Joseph Gordon-Levitt in Inception's instant-classic action scene. Warner Bros

In our continuing series, IBTimes UK takes a look at the work of British director Christopher Nolan in the lead up to the November release of his ninth film, Interstellar. This week we look at Inception, his most cunning masterwork.

Granted the kind of freedom few directors ever get to enjoy following the enormous success of The Dark Knight, Christopher Nolan chose to turn a script he had been working on for nearly a decade into reality.

It was a passion project in the purest sense, an original work that had occupied Nolan's mind since before he became one of Hollywood's biggest names. He first pitched the idea in 2001, many years before production began.

That time spent mulling over the story, tinkering with themes and plot lines, helped Nolan refine a story so ingrained in the abstract that making it coherent on the page, let alone the screen, would have been achievement enough.

Inception is a story about a thief, Dom Cobb (Leonardo DiCaprio), who breaks into the dreams of powerful targets to steal their secrets. Rather than being a career criminal however, Cobb was forced into a life of crime after being falsely accused of killing his wife Mal (Marion Cotillard), whose suicide haunts him.

Leonardo DiCaprio as Dom Cobb, a character who shares his name with a character in Nolan's debut film Following Warner Bros

Cobb is granted the opportunity to return home to his children and have the charges against him dropped by Saito (Ken Watanabe), a powerful energy magnate who wants a rival set to inherit his dying father's company to break it apart and end a monopoly.

They do this through inception, the planting of an idea in someone else's mind. Is it possible? Cobb knows it is, but it's rarely been achieved.

The act of inception takes the form of a heist, which takes place inside the dreaming mind of their target Fischer (Cillian Murphy), and so Cobb needs a team to carry out the crime.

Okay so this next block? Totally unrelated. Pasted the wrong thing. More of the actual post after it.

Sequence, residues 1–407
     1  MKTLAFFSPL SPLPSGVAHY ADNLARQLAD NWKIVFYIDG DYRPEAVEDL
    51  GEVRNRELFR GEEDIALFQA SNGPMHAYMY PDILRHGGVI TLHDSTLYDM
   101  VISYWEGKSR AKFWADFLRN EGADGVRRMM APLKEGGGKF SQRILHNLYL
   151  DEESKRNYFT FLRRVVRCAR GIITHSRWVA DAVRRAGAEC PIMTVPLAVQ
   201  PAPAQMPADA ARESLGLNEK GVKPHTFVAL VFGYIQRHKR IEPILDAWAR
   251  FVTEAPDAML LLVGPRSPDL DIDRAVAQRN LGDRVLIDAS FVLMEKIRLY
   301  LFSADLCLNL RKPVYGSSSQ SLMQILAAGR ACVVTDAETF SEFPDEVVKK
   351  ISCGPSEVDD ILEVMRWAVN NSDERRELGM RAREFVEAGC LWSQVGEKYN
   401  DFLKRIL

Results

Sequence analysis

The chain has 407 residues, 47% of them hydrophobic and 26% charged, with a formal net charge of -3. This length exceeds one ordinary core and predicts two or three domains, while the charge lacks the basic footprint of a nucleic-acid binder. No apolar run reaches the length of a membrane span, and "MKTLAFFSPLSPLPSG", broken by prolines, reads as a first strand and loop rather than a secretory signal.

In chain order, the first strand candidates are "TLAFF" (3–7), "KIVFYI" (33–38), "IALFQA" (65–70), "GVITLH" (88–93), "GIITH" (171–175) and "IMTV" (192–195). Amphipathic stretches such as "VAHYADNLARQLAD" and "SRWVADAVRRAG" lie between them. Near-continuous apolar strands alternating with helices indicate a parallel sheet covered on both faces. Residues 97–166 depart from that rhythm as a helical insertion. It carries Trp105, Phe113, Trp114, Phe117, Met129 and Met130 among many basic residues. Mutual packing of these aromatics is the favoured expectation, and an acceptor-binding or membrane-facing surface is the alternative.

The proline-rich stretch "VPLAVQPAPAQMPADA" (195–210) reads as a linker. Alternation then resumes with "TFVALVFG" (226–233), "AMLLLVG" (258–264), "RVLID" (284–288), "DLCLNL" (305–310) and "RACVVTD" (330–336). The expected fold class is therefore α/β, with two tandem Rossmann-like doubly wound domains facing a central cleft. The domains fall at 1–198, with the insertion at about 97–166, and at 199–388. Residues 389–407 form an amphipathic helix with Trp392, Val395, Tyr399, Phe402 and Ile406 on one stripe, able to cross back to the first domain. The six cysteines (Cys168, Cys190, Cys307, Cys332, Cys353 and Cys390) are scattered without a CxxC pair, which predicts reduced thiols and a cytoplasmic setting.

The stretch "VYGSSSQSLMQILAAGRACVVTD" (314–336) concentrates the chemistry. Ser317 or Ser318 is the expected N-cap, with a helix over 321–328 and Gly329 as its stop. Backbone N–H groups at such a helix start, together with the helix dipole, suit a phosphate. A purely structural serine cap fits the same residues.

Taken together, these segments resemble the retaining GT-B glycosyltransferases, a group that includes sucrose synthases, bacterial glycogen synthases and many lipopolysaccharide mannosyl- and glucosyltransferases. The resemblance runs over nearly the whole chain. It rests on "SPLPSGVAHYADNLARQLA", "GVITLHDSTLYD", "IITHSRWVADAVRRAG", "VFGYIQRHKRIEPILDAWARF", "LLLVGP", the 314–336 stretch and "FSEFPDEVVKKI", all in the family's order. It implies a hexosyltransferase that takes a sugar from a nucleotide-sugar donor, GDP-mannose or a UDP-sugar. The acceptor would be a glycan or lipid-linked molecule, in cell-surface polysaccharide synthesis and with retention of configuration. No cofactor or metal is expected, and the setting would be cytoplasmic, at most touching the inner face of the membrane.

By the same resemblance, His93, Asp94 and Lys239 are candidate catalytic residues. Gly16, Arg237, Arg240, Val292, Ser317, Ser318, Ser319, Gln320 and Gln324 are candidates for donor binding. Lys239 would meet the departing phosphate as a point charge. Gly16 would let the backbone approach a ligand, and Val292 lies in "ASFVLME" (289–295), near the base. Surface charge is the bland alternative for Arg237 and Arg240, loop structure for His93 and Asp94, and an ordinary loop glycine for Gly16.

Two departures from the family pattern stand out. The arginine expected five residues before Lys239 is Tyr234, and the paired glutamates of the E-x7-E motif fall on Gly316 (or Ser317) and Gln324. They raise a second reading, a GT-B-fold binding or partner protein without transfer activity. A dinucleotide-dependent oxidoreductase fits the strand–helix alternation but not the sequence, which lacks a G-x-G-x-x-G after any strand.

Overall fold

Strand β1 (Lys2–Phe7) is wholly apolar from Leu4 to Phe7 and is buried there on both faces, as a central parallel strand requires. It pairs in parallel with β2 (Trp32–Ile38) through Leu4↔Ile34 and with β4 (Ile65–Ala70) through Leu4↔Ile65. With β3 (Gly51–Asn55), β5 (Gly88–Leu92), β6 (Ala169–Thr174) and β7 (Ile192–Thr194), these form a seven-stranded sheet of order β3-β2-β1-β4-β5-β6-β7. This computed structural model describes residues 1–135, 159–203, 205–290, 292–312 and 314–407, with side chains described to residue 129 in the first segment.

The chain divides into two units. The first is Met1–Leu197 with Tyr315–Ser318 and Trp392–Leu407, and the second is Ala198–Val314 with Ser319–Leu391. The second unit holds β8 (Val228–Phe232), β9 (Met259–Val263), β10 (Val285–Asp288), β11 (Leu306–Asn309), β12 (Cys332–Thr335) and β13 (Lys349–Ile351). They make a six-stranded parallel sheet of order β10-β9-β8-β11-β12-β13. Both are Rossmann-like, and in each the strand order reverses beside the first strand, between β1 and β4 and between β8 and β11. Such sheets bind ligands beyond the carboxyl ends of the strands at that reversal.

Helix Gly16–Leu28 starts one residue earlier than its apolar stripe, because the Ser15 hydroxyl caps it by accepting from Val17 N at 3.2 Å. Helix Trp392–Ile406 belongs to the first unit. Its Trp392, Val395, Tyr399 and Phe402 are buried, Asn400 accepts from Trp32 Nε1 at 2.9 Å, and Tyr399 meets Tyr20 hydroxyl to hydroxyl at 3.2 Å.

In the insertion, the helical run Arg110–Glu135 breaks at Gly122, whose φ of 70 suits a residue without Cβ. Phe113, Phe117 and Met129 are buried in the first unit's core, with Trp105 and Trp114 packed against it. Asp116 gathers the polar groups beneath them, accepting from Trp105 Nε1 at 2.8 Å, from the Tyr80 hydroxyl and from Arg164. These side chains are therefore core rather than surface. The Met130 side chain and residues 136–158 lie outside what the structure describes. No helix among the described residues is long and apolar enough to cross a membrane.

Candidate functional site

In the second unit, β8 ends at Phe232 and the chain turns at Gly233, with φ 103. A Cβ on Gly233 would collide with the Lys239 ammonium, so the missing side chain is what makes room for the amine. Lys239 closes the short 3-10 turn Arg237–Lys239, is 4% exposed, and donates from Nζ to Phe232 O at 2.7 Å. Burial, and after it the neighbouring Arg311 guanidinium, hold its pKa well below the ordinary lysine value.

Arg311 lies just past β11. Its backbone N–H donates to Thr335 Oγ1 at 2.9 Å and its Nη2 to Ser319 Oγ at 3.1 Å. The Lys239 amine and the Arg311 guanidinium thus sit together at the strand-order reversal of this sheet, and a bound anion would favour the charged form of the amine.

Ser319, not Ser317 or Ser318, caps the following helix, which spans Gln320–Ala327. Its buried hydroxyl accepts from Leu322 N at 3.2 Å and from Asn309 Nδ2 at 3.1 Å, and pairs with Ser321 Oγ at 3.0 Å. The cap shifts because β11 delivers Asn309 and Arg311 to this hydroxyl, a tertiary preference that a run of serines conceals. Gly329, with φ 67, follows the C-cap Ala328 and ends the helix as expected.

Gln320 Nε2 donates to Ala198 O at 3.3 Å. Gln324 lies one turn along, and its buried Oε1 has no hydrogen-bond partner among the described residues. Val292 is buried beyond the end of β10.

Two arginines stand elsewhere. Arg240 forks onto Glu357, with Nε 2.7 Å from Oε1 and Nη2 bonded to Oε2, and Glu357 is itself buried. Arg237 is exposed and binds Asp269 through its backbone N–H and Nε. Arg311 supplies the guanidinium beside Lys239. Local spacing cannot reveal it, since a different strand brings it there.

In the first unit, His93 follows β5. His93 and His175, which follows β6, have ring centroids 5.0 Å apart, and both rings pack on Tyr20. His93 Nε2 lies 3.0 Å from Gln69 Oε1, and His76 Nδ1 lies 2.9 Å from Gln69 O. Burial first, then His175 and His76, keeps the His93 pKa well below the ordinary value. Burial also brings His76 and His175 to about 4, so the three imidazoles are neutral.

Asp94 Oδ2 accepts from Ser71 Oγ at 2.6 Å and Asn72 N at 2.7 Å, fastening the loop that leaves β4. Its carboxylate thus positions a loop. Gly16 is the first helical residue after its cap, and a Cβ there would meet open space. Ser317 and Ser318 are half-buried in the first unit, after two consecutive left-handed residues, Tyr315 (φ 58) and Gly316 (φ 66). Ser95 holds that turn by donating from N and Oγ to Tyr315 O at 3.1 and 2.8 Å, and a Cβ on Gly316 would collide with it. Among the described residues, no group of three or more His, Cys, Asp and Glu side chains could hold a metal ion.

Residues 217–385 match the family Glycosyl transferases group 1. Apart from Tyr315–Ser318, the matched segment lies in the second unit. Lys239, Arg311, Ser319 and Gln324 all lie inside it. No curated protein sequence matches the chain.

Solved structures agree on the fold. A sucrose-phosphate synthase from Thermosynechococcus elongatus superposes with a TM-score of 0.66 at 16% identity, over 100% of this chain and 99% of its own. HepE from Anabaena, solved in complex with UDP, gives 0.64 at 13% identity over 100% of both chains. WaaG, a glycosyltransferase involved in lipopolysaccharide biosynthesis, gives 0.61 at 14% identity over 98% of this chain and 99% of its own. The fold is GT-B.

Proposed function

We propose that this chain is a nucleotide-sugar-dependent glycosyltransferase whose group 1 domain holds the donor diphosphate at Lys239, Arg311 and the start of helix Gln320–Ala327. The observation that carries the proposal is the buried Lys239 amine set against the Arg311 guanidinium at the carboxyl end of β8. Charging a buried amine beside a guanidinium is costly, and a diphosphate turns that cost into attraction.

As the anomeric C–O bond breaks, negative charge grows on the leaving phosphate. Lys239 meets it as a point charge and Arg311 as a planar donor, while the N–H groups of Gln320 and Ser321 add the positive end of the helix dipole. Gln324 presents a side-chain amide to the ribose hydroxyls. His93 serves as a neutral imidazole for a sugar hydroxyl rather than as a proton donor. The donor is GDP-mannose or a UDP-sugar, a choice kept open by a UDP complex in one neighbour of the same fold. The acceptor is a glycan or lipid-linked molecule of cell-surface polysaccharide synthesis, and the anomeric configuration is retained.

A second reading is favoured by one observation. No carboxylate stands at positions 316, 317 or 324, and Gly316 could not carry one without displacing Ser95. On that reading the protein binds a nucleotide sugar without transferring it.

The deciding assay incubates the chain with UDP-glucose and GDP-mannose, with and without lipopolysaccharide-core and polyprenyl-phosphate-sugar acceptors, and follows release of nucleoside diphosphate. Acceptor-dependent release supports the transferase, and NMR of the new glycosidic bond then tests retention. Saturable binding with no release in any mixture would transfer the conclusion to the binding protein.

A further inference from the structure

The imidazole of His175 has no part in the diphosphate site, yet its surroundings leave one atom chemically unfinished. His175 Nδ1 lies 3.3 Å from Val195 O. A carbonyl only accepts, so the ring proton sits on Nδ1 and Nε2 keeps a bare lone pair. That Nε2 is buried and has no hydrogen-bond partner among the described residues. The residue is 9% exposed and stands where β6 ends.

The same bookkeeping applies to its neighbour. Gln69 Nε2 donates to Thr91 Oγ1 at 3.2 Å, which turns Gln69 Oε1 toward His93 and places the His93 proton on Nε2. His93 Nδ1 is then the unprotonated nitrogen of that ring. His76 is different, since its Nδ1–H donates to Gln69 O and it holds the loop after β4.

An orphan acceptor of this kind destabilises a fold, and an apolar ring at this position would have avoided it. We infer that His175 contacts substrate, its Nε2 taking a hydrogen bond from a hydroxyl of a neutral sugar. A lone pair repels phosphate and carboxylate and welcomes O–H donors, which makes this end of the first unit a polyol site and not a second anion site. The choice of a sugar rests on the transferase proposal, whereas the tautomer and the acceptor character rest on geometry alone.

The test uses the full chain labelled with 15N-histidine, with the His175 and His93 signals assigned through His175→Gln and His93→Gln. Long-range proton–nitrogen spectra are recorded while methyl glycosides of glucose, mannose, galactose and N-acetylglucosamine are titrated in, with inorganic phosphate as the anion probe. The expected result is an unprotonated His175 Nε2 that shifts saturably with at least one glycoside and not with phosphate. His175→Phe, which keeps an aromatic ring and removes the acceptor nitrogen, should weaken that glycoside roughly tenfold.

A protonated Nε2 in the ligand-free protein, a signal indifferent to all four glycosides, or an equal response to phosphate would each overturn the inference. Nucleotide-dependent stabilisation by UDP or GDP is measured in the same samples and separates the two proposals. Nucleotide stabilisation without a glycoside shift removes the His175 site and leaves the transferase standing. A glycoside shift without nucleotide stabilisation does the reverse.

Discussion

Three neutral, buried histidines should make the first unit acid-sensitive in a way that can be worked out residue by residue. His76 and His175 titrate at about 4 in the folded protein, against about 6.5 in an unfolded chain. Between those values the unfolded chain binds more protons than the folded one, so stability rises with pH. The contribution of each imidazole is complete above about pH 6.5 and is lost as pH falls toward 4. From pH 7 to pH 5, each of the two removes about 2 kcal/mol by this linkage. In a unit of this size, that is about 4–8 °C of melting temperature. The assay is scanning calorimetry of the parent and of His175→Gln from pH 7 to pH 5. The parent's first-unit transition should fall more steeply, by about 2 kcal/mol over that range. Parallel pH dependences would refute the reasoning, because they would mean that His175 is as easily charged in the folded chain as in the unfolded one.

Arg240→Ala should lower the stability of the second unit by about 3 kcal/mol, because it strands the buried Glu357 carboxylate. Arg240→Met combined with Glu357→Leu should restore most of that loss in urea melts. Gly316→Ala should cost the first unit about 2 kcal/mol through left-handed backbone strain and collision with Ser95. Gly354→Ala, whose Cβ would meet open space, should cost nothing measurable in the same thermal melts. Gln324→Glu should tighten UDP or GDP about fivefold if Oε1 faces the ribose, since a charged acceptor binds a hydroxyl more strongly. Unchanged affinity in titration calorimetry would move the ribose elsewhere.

His team is deliberately based on that of filmmaking. Cobb is the director, Arthur (Joseph Gordon-Levitt) the producer, Eames (Tom Hardy) the actor, Ariadne (Ellen Page) the set designer or special effects supervisor and Saito the studio executive.

So it's easy to interpret that the film is about creativity, reality, escapism and the nature of telling stories, on top of Nolan's more common theme of men with fractured psyches dealing with personal trauma.

The dreams they inhabit and draw their targets into through a mysterious device are created by architects like Ariadne. Cobb also regularly dreams of lost happy memories with his family, an act of telling himself comforting tales to ease his guilt. The target Fischer, with a little help from the team, also creates a story about his father which brings about the idea being incepted.

Inception's famous spinning-totem. Warner Bros

In the case of films like this, or books or games, the stories told are clearly separate from reality, but in dreams and the mastery of them, people can get lost in disillusionment over what is real and what is not. The need to keep track results in the film's totems – small items known to the holder that they use to determine when they're in reality - the most notable being Cobb's iconic spinning top.

Throughout the film Cobb is plagued with guilt over his wife's death, which manifests physically within the dreams as her and other apparitions. Share a dream with someone and their subconscious will follow, and so Cobb's guilt becomes a problem for his whole team.

Inception is a masterful juggling act of themes and plot strands. Cobb's practical journey of planting a thought in a target's mind – and his emotional one of dealing with his wife's death and returning home to his two children – are beautifully intertwined by the nature of shared dreaming and subconscious thought.

In juggling the film's plot strands, Inception also proves to be one of the best-edited films ever, which by its very nature it really had to be if it hoped to make sense.

Leonardo DiCaprio and Ellen Page in one of the film's cleverest shots. Warner Bros

Cobb's team burrows three layers deep into Fischer's subconscious to plant their idea – a dream within a dream within a dream – and the film's entire climax plays out across these three layers (and later a fourth in the form of limbo, or "unconstructed dream space") in tandem, with Nolan cutting between each rapidly without ever losing his audience.

The best editing occurs in the film's concluding half, so by comparison the first is quite simple, but it still presented challenges. The first hour of Inception is almost entirely comprised of expository dialogue, which represents a problem for most blockbusters but which weeks flawlessly here.

Rather than down to the quality of writing, which is as perfectly good as ever but hardly mind-blowing either, the reason these big doses of exposition are so easy to swallow is simple: what the film talks about is incredibly interesting.

The notion of it, the way this world of dream-sharing and dream-invading works, the rules: it's confusing at first yes, and for a very small few this represents an impenetrable wall, but it works and makes its audience want to understand because unlike most blockbusters this is a film that treats its audience as intelligent human beings capable of understanding grand concepts.

In part two we'll take a look at Inception's iconic ending...